A triacylated lipoprotein from Mycoplasma genitalium activates NF-kappaB through Toll-like receptor 1 (TLR1) and TLR2

Takashi Shimizu, Yutaka Kida, Koichi Kuwano
Infection and Immunity 2008, 76 (8): 3672-8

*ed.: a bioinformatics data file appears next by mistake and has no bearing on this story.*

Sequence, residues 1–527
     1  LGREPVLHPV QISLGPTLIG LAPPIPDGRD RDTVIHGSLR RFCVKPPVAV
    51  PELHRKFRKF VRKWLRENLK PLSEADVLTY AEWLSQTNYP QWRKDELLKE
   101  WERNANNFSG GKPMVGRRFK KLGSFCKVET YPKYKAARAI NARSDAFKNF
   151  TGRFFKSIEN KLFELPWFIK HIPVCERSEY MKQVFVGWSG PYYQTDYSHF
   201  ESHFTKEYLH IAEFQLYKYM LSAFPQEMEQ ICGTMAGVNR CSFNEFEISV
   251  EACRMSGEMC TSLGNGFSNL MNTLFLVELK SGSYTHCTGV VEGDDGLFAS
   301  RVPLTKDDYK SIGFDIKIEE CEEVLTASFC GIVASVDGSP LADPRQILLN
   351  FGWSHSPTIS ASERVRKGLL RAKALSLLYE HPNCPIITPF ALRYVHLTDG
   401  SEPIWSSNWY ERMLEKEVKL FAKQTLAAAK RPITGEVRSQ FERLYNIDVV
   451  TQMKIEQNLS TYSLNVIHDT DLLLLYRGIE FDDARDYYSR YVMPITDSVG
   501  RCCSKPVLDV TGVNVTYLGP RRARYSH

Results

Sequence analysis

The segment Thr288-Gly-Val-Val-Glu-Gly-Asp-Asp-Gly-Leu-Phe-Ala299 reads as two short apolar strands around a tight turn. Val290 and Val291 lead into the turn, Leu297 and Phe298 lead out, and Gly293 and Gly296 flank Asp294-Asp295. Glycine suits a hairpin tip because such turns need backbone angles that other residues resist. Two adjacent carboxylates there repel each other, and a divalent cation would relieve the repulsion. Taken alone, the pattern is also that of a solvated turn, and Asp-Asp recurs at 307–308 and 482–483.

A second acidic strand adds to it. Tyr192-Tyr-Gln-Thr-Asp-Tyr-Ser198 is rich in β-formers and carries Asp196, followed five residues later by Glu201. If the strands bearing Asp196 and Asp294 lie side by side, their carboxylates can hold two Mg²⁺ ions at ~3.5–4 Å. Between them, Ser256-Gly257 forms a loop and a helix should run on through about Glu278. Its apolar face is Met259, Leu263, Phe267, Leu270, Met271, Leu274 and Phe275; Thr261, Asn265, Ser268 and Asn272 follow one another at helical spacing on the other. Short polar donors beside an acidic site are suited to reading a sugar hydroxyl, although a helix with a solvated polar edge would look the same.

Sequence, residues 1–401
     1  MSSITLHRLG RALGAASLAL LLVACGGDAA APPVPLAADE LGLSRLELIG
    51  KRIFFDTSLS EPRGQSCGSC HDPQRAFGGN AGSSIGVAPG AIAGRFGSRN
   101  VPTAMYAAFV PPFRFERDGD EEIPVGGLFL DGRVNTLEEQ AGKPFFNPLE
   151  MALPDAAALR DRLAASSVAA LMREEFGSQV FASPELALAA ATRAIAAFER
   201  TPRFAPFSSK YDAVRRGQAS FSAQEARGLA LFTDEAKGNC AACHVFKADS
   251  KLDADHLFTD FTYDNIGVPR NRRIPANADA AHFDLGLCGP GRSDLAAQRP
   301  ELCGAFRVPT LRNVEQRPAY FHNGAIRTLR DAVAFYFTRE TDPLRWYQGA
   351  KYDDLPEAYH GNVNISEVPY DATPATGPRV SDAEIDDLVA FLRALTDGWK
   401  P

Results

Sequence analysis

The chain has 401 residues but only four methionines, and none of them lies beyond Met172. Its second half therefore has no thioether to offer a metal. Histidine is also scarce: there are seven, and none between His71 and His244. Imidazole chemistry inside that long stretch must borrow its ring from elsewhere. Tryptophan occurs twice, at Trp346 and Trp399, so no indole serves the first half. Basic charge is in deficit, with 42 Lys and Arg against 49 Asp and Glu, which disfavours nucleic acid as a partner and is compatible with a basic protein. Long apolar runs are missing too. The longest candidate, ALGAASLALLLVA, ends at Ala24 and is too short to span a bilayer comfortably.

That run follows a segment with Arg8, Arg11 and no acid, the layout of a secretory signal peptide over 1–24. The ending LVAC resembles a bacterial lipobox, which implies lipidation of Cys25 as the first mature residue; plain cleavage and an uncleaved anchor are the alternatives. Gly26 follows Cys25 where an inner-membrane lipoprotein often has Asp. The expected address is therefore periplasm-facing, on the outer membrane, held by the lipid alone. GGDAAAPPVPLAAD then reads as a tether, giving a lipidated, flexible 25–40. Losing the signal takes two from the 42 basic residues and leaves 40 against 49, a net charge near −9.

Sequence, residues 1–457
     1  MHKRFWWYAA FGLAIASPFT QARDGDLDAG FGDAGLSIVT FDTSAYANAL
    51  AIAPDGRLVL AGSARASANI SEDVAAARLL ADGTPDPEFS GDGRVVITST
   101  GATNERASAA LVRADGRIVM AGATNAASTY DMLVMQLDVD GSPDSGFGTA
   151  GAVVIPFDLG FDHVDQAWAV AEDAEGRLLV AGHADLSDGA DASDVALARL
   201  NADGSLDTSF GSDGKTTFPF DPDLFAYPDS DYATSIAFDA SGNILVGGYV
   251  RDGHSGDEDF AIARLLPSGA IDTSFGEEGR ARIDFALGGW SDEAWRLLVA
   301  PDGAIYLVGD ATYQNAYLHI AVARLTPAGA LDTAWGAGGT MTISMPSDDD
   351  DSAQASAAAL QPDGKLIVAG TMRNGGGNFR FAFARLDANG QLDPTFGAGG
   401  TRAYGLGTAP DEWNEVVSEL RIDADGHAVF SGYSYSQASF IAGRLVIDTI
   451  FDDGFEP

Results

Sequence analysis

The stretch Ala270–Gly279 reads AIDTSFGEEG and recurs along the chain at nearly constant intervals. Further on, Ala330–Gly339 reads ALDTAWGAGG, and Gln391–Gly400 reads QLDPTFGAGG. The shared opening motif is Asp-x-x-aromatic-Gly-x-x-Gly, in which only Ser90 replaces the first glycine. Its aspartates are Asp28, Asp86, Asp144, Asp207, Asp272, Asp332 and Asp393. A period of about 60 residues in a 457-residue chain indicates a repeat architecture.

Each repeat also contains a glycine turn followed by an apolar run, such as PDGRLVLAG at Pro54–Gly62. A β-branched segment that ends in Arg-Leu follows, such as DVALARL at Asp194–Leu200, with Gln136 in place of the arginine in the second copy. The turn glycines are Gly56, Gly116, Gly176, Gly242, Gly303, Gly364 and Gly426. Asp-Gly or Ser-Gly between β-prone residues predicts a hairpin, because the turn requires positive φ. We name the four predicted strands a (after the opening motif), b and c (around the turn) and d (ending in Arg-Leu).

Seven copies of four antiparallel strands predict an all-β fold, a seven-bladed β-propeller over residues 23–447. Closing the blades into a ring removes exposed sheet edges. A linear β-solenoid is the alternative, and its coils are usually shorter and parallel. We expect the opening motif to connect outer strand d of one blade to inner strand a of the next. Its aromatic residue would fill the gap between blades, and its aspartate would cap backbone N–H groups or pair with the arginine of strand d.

Mycoplasma genitalium is a sexually transmitted bacterial pathogen that causes nongonococcal chlamydia-negative urethritis, mucopurulent cervicitis, endometritis, pelvic inflammatory disease, and tubal factor infertility in humans. However, pathogenic agents that induce inflammatory responses have not been identified in M. genitalium. In this study, we examined the involvement of Toll-like receptors (TLRs) in activation of the immune response by a lipoprotein from M. genitalium and their active component responsible for NF-kappaB activation. The Triton X-114 detergent phase of M. genitalium was found to induce NF-kappaB through TLR2. The active component of the Triton X-114 detergent phase was a lipoprotein precursor, MG149. The activation of NF-kappaB by MG149 was inhibited by a dominant negative (DN) construct of TLR1 but not by a DN construct of TLR6. These results indicate that the activation of NF-kappaB by MG149 is dependent on TLR1 and TLR2. A synthetic lipopeptide derived from MG149 containing three acyl chains also induced NF-kappaB through TLR1 and TLR2. Thus, the results show that MG149, a triacylated lipoprotein from M. genitalium, activates NF-kappaB through TLR1 and TLR2.

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